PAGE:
I've seen Phantom of the Opera enough to know by now that I shouldn't judge a book by its cover
, and yet I couldn't help myself when it came to listening to Gap Dream's self titled debut album. All of the songs were recorded and produced by one man, Gabriel Fulvimar, who also wrote all but one track (that being a cover of obscure early garage rock band The Squires). The album was also put out on California-based Burger Records, which is home to just about any relevant throwback garage punk act of the last half-decade (King Tuff, Hunx & His Punks, Nobunny, Black Lips). Finally, it was endorsed on Twitter by the kings of sounding like you weren't meant for this era, Girls (R.I.P. Girls). Put all that together and you can't entirely blame me: you've probably surmised what this is going to sound like, too.
It's a blissful experience, then, when Gap Dream takes the time to prove you wrong. Sure, there are a lot of elements present here that you can't say you didn't see coming: psychedelic walls of droning guitar punctuated by the occasional whiny riff, some punchy basslines, unintrusive keyboards, and chilled-out harmonies. Nonetheless, Fulvimar pieces these together with fresh fervor and originality for as long as it takes for you to realize that you may have entirely underestimated this album. For me, that kick came with "Greased", in which synthesizer take the forefront, the guitar drones adopt a funky texture, and the bass switches from punchy to throbbing. I can't say that I've found many other albums in this field that feature songs I would play during a blockbuster heist scene.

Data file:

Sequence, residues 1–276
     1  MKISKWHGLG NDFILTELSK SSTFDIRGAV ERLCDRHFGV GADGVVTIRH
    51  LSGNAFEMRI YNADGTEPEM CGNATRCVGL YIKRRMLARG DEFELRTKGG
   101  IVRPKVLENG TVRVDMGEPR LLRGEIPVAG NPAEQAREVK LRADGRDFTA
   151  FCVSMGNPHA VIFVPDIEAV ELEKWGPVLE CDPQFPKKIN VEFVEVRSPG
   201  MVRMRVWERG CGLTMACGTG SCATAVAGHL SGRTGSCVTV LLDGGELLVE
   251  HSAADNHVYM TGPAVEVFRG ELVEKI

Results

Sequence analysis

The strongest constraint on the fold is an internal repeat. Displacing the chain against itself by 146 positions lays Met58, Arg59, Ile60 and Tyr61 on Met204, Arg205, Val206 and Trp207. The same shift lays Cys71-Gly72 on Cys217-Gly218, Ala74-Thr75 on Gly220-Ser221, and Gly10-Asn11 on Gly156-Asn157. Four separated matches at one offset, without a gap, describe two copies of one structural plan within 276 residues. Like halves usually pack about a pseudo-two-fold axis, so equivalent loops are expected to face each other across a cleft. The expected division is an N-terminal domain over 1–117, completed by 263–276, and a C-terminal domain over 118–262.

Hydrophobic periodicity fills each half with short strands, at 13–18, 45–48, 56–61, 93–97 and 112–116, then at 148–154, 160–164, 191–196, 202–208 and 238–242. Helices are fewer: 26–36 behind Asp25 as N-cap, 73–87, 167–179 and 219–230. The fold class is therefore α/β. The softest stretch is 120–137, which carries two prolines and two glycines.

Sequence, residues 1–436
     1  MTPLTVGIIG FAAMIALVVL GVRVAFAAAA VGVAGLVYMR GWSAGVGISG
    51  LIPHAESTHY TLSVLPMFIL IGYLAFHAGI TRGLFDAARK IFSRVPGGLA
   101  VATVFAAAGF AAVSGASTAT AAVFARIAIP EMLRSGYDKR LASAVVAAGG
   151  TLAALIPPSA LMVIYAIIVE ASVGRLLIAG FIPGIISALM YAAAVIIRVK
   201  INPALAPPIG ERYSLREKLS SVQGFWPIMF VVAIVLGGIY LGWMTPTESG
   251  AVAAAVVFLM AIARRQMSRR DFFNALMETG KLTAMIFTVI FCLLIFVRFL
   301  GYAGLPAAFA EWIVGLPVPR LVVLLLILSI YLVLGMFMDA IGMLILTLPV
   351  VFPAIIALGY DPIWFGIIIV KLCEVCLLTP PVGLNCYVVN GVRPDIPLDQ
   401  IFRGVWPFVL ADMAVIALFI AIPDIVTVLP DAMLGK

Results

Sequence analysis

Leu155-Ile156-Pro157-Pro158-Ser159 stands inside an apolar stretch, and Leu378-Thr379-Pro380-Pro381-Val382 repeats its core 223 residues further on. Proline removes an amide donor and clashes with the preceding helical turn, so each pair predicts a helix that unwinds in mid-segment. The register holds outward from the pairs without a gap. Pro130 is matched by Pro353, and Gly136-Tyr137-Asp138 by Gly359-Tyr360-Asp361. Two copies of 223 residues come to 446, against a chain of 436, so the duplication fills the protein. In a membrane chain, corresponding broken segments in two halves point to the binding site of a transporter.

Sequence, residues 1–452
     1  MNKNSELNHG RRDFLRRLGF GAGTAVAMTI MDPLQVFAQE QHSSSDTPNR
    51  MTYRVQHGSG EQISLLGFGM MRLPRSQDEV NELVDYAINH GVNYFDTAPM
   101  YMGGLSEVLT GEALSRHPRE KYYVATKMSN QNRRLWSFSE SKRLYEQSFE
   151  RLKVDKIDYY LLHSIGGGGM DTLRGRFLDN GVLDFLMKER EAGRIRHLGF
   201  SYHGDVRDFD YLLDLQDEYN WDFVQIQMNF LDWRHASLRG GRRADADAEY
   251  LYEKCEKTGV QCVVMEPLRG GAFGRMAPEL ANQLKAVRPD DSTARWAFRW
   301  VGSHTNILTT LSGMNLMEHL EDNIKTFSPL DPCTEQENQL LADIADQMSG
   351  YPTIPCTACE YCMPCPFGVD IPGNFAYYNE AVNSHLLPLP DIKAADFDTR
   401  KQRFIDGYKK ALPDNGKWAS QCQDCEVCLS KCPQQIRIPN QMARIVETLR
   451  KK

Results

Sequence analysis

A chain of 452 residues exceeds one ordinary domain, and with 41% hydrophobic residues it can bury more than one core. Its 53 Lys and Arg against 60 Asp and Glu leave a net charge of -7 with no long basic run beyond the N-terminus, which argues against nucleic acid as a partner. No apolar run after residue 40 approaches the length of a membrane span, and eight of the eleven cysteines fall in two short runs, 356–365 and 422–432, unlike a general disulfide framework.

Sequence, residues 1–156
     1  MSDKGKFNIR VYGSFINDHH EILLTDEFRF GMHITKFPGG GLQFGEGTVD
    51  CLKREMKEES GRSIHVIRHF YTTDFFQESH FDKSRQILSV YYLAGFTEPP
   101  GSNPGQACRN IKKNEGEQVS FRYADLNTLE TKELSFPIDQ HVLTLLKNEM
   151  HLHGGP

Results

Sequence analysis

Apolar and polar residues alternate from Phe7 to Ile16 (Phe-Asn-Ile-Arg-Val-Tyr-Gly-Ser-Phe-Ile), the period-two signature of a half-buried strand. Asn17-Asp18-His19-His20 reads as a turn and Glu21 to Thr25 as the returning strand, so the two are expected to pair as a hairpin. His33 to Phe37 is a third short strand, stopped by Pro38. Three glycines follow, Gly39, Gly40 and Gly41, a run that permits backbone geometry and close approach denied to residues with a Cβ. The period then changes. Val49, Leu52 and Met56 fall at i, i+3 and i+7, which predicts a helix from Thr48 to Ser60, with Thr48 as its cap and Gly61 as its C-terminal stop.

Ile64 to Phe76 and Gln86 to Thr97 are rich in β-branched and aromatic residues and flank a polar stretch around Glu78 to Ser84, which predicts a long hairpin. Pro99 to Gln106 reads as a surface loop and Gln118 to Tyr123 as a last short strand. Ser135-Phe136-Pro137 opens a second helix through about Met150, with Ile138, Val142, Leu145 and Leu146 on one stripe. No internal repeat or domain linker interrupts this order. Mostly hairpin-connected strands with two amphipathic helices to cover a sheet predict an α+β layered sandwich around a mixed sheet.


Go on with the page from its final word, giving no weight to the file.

Clearly, when you drop your garage rock conceit (or come without any to begin with), you'll find Gap Dream a force to be reckoned with, and with an ear for hooks to match (I'm still humming them as I write this). The album holds a few more charming treats, like gospel organ on "Scary Dennis", synthesized Gary Glitter "Rock and Roll" drums on "Heart", a host of smarmy couplets in the lyrics, and a healthy dose of ghoulish laughter. These ingredients combine to create gems like aforementioned cover "Go Ahead", which rambles into sunshine pop territory, and opening and closing tracks "58th St. Fingers" and "Slave", which sound so beachy and brooding that I imagine them scoring a viking funeral on a burning surfboard. Moreover, what these ingredients truly make is a powerful, well-crafted album that makes me want to pack up my car for a hot summer's day on the beach (R.I.P. summer days on the beach).